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Letter to the Editor   |    
Drs. Flint and Rifat Reply
ALASTAIR J. FLINT , M.B., CH.B., F.R.C.P.C., F.R.A.N.Z.C.P.; SANDRA L. RIFAT , PH.D.
Am J Psychiatry 2000;157:1183-b-1184. doi:10.1176/appi.ajp.157.7.1183-b

We thank Dr. Cole for his comments. Our article was published as a Brief Report, so space limitations prevented us from including many of the details that Dr. Cole wants to know. Demographic and clinical characteristics of the 21 patients in the study group were as follows: 13 (61.9%) were women; 21 (100%) were white; seven (33.3%) were married, seven (33.3%) were widowed, five (23.8%) were single, and two (9.5%) were divorced; 17 (81.0%) were living at home and four (19.0%) were living in a retirement facility; and 16 (76.2%) were referred by a family physician, two (9.5%) were referred by a specialist, and three (14.3%) were self-referred. At index assessment, all patients were 60 years or older, and 11 (52.4%) were 75 years or older. Their mean Hamilton Depression Rating Scale score at index assessment was 23.7 (SD=5.1). At the follow-up described in our article (that is, after completion of 2 years of continuation or maintenance antidepressant treatment), the patients had a mean Hamilton depression score of 2.2 (SD=3.1), a mean Mini-Mental State (1) score of 27.9 (SD=2.7), and a low level of medical burden.

With respect to the numbers of patients at each stage of treatment, 52 were treated for an index episode of depression, and 43 responded. Of the responders, nine (20.9%) had a relapse or recurrence of major depression, and 12 (27.9%) dropped out (five were noncompliant, four developed physical illness, two died, and one moved away) during the 2 years of continuation or maintenance antidepressant treatment. One other patient completed maintenance treatment but was too physically unwell to participate in the follow-up. Thus, the 21 patients reported at follow-up in our article represented 48.8% of the patients who had responded to treatment of an index episode of depression.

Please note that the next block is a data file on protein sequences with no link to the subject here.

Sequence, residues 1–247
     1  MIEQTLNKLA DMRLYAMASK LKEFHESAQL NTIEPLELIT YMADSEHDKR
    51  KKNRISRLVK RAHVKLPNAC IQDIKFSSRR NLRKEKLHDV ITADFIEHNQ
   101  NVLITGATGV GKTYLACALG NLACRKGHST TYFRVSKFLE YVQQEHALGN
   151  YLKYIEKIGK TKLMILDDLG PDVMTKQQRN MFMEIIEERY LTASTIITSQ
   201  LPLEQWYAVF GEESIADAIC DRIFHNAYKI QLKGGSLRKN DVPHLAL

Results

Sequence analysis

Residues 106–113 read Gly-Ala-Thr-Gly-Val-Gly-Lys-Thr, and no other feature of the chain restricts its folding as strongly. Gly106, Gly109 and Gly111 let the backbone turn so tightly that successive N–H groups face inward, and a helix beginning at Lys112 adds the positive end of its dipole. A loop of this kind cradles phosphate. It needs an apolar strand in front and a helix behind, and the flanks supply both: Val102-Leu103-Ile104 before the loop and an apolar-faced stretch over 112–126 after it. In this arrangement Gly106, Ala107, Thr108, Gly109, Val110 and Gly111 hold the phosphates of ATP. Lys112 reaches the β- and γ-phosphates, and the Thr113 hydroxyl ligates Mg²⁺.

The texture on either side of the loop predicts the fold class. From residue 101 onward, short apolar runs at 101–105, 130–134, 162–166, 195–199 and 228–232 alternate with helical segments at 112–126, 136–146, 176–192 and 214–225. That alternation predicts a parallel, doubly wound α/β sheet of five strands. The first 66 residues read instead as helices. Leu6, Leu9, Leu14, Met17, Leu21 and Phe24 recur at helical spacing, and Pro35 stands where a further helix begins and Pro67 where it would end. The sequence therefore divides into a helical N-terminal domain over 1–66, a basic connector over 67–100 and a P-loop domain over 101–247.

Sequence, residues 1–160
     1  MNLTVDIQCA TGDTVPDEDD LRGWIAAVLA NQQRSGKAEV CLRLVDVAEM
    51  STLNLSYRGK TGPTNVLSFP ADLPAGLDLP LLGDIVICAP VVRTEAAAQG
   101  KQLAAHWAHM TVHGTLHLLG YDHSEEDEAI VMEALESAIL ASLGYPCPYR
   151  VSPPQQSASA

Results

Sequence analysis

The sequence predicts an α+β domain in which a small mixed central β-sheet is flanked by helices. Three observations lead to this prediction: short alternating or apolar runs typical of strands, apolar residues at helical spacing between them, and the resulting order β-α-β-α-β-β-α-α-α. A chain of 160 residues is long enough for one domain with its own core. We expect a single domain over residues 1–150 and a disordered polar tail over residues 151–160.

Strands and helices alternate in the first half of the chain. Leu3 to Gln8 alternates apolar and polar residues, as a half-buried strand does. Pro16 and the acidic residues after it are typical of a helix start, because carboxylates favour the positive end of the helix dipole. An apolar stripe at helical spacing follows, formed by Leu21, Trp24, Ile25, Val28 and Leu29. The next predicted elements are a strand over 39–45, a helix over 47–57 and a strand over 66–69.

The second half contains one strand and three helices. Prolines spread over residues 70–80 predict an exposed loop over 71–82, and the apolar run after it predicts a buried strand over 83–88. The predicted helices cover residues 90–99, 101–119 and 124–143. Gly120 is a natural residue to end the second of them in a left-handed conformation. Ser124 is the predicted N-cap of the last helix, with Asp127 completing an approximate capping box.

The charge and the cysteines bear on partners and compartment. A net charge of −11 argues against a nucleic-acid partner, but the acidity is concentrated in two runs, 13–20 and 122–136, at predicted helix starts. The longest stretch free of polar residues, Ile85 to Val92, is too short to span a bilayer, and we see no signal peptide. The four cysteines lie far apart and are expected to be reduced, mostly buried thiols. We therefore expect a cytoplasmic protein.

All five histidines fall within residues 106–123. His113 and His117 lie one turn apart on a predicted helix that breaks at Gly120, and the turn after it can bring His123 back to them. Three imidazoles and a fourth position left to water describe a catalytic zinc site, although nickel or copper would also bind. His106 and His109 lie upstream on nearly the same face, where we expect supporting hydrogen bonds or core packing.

With respect to the assessment of outcome, a diagnosis of recurrence was made by the study psychiatrist alone on the basis of a clinical interview and the patient’s Hamilton depression score.

Finally, the cumulative probability of a person not having an episode of major depression during the 2 years of follow-up was 0.39. The 95% CI for this survival estimate was 0.17–0.62. Interpretation of this CI is, however, limited by the fact that it is based on a small number of subjects. During the follow-up, 12 patients had a recurrence of depression, three others died (from natural causes), and one moved away. Thus, only five patients were still under observation at 2 years, the time point at which this CI was calculated. The small number of subjects contributed to the wide range of the CI.

Folstein MF, Folstein SE, McHugh PR: "Mini-Mental State": a practical method for grading the cognitive state of patients for the clinician. J Psychiatr Res  1975; 12:189–198
[PubMed]
[CrossRef]
 
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References

Folstein MF, Folstein SE, McHugh PR: "Mini-Mental State": a practical method for grading the cognitive state of patients for the clinician. J Psychiatr Res  1975; 12:189–198
[PubMed]
[CrossRef]
 
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